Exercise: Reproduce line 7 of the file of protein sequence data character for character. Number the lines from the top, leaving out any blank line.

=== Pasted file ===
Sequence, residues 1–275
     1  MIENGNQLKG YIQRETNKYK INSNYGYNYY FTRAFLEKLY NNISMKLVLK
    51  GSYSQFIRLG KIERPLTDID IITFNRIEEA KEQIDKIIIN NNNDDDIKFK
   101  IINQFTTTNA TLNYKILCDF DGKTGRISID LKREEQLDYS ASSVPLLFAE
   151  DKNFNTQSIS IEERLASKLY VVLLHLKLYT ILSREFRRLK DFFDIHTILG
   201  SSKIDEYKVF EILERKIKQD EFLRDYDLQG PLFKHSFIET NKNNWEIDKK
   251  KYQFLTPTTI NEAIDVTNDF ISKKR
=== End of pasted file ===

   251  KYQFLTPTTI NEAIDVTNDF ISKKR